|February 4, 2009||Posted by Walt Ciechanowski|
A few weeks ago I was in a bit of a pickle (how the heck did that phrase come about?). I was supposed to start a new adventure for my WitchCraft game in an hour and I had nothing prepped for it but the vaguest of outlines (more like a mission statement and a couple of notes). Real life had gotten in the way over the last few days and I kept promising myself that I’d bang something out before the session and now I was out of time. I really didn’t want to cancel the session.
My WitchCraft campaign is designed like a sandbox. Most of the action takes place in a small geographic area, a fictional South Jersey shore town and the surrounding communities. As with any sandbox, I’d seeded the town with a number of interesting GM characters and threads. Normally, these elements sit in the background for the players to play with while solving the current adventure. If they don’t get to it now, those elements will wait. Even more importantly, those elements can play out organically; I don’t have concrete plans for most of them and adapt on the fly based on my players’ interactions with them.
So I decided to play in the sandbox.
I picked a few elements, looked at them through the lens of my mission statement, and threw them at the players. If they stuck I used them, if they didn’t I let them drop and scooped up something else. We ended up having a blast. The players had a chance to pursue some personal arcs and get a general sense of where the new adventure was leading while I bought myself some time to properly draft the specifics later.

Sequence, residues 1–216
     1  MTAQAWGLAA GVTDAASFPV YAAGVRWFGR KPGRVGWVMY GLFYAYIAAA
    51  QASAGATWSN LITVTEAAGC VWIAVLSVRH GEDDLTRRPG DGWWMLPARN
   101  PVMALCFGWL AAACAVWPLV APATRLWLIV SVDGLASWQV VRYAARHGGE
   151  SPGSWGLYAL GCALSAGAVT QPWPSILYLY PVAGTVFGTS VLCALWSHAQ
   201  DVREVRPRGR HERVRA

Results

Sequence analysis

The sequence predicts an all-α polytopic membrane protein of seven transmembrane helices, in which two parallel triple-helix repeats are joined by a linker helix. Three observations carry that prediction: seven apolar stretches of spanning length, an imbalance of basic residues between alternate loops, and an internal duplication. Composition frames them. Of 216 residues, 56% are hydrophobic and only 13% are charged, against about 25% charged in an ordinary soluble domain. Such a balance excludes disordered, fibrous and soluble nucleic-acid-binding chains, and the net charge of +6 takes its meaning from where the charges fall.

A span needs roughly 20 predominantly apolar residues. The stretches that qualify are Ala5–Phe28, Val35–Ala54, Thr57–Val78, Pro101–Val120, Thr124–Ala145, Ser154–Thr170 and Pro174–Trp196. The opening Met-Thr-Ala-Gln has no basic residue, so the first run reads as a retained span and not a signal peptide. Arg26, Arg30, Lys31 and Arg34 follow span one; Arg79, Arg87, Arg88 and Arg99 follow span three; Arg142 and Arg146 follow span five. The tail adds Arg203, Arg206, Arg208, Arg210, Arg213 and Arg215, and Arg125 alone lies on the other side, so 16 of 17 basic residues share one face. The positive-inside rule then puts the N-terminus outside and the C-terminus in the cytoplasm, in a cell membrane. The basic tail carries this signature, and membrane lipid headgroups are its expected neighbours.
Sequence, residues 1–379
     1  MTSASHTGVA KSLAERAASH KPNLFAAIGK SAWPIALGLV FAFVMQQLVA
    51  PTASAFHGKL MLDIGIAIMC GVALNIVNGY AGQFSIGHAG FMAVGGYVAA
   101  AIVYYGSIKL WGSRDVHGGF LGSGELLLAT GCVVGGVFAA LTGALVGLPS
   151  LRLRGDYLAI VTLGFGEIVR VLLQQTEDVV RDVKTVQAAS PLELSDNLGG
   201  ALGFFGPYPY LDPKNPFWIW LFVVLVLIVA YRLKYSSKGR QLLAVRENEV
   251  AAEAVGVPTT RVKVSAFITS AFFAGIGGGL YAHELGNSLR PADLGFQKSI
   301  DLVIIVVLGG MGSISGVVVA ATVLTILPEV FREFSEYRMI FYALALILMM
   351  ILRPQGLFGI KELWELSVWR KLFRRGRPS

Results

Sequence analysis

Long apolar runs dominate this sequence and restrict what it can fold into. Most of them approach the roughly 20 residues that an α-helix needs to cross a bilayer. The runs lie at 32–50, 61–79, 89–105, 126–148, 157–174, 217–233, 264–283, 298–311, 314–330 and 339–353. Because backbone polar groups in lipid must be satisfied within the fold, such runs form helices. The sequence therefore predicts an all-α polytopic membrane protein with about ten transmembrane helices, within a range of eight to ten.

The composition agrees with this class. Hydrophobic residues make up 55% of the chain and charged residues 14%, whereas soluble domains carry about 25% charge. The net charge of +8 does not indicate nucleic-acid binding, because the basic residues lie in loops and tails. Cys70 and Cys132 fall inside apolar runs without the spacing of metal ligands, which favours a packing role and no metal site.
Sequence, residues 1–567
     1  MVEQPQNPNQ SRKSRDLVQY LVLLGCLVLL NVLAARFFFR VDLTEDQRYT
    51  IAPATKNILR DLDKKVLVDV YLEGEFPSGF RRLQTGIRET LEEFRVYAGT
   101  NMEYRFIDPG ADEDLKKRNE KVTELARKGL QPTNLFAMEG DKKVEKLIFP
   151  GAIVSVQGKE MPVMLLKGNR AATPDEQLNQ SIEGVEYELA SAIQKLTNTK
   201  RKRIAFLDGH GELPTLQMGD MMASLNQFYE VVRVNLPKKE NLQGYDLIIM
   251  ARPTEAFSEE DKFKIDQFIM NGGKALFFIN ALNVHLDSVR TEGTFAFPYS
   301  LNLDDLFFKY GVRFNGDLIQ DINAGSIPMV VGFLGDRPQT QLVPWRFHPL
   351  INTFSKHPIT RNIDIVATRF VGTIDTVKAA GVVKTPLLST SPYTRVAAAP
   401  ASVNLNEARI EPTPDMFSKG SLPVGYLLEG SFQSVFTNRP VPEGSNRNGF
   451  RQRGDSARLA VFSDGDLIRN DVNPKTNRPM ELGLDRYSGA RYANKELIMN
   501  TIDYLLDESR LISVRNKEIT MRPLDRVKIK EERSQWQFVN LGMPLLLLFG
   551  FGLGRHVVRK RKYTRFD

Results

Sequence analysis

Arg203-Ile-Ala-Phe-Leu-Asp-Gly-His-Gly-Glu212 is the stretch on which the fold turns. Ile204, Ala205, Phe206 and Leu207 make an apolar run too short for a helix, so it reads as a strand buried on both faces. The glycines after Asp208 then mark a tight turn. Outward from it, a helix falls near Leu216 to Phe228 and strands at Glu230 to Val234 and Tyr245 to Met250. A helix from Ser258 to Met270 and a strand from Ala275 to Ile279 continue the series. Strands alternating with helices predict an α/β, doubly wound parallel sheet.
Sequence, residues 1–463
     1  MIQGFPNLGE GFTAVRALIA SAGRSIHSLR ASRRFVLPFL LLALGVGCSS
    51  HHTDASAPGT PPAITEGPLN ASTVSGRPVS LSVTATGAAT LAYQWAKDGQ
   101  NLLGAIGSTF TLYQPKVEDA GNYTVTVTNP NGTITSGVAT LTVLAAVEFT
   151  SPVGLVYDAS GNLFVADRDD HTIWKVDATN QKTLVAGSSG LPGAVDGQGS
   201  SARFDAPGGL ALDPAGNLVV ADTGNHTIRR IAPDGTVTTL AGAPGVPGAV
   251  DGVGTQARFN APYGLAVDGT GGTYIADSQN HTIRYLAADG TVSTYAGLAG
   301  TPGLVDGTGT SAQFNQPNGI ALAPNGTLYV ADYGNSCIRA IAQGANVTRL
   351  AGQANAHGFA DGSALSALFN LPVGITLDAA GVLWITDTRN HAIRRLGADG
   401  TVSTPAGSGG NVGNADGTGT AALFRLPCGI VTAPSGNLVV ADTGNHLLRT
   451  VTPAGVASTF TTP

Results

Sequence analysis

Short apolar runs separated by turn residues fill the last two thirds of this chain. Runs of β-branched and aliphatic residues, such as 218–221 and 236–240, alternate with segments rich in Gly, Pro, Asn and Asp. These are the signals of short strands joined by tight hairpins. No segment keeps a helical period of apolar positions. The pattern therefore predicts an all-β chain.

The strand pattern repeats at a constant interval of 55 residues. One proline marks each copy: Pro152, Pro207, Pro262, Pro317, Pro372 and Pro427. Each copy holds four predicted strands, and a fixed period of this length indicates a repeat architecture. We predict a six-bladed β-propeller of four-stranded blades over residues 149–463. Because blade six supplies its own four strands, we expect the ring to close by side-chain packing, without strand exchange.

While the sandbox is often presented as a tool for the players, it is also a great tool for the GM. I know a few GMs that are good at winging it with no prep. While I’m not one of those, I learned that a good sandbox gives me the tools to do some “structured winging” when I need to.
So how about you? Have you ever used the sandbox to your advantage as a GM beyond letting the PCs roam where they will within your planned areas?